Standard display formats such as mid page unit (MPU) are 27% more likely to be looked at when shown after a high-impact format within a browsing session, as compared to other standard display formats. Dubbed the "amplification effect", the attention boost also shows that users who have been exposed to high-impact formats looked at the subsequent standard display ads for 39% longer. Similarly, the percentage of those standard display ads looked at for one second or longer, increased by 140%.
This was according to research by advertising technology company Inskin Media and Lumen Research, which carried out 3,160 eye tracking experiments in collaboration with Mindshare UK. The research noted that attention to display advertising is "extremely scarce", with data from Lumen showing that only 12% of served display ads ever get looked at, and only 4% looked at for a second or more.
When prompted, 50% of users were able to recall the advertised brand after one to two seconds of visual engagement, as compared to 35% after zero to one second. The research found that brand recall is strongly linked to business KPIs, such as improved brand perceptions and purchase intent, especially for non and lapsed customers. The study, which factored in exposure frequency to avoid overestimating amplification effects, also showed that these effects weaken over time, with incremental attention decaying if not stimulated again by an amplifying format.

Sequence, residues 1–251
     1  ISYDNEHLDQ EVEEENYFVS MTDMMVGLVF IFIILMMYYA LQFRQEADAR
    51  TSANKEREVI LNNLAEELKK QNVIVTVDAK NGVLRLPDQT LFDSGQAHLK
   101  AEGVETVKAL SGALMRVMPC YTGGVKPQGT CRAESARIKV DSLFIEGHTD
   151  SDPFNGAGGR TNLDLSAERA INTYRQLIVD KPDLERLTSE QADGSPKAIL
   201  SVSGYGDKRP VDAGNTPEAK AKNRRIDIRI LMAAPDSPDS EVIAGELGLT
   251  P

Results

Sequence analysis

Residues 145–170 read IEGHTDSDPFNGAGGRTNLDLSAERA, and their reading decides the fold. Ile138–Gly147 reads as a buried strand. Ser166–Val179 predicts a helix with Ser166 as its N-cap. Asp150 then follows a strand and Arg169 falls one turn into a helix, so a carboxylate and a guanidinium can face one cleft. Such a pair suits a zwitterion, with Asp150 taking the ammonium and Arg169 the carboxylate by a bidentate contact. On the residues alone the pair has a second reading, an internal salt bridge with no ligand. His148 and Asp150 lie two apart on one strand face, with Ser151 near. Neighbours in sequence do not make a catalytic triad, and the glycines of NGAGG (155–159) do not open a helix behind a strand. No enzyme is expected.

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Inskin Media's head of insight, Dominic Tillson, said there is an "ever-increasing amount" of evidence that links visual attention to relevant business KPIs, from brand metrics to sales.
"We have long known that certain high-impact formats can perform very well on critical measures like attention, but until now we didn’t know how they can be used strategically to make standard ads work harder for brand advertisers. This study is a big step in making this a reality," he said.
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